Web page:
Figure 5. Increased mouse IgG staining in the hippocampus and cerebellum.

Example images show normal IgG staining following immunohistochemistry for NeuN after AAV2-GFP injection (A–D) and intense IgG staining after injection of AAV2-Aβ42-GFP (E, G). Increased IgG staining was only observed surrounding the injection site and not in the contralateral hemisphere (F, H). INJ; injected region, CONTRA; contralateral region. Scale bar  = 500 µm.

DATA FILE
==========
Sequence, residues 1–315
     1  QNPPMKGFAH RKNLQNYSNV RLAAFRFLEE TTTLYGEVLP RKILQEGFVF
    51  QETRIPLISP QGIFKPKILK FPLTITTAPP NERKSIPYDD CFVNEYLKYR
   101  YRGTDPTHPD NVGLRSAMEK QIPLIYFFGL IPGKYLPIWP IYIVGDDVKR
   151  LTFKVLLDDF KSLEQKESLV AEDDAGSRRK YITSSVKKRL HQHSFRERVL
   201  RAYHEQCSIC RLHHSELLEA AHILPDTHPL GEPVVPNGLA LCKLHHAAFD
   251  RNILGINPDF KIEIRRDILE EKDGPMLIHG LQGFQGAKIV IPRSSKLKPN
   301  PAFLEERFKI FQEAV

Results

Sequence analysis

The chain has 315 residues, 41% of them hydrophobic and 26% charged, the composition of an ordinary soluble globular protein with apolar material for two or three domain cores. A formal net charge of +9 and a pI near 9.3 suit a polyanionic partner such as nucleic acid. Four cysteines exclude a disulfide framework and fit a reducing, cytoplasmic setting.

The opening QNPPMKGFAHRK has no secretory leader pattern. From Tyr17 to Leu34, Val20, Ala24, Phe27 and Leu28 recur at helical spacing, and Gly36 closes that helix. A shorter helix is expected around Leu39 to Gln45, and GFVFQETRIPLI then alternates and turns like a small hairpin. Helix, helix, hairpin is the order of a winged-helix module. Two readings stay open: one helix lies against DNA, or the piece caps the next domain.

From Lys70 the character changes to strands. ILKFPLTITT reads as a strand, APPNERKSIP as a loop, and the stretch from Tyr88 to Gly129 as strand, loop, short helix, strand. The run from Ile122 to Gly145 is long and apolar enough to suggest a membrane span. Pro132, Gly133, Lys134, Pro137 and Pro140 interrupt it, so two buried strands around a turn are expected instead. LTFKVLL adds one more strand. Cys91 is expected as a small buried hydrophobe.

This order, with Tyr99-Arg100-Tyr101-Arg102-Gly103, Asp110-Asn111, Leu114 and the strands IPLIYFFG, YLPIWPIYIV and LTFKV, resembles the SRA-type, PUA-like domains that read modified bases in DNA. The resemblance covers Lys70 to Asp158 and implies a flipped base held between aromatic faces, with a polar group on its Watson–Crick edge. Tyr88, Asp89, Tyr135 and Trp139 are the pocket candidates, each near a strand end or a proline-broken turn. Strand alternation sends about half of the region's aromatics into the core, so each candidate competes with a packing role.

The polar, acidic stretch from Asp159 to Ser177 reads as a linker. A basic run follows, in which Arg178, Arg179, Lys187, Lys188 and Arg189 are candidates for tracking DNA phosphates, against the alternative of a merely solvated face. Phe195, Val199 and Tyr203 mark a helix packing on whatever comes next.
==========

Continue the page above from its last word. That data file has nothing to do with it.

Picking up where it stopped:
Staining for mouse IgG also strongly labelled small, round cells that were predominantly observed in transduced regions of the hippocampus and cerebellum (Figure 6-A–C). Immunohistochemistry revealed that these IgG positive cells were also immunopositive for IBA-1 (Figure 6D–G), a calcium binding peptide produced specifically by monocytes and activated microglia [20]. The number of IgG positive cells was counted and averaged across three serial sections in the hippocampus and cerebellum. The vast majority of IgG positive cells were observed throughout the injected hippocampus and cerebellum and in the lateral ventricles adjacent to the injected hippocampus, with a small number of cells also observed in the contralateral hemispheres in both brain regions. Almost no IgG positive cells were seen after control PBS injections. 3 months post-injection, there were significantly more IgG positive cells in the hippocampus after injection with rAAV2-C100-GFP, rAAV2-C100V717F-GFP and rAAV2-Aβ42-GFP than after injection with rAAV2-GFP (Figure 6H; Bonferroni; p<0.001). In comparison, while the number of IgG positive cells in hippocampi at 3 months post-injection with rAAV2-Aβ40-GFP was higher than after rAAV2-GFP injection, this difference was not statistically significant. There was no longer a significant difference between groups in the number of IgG positive cells in the hippocampus at 6 months post-injection (Figure 6H).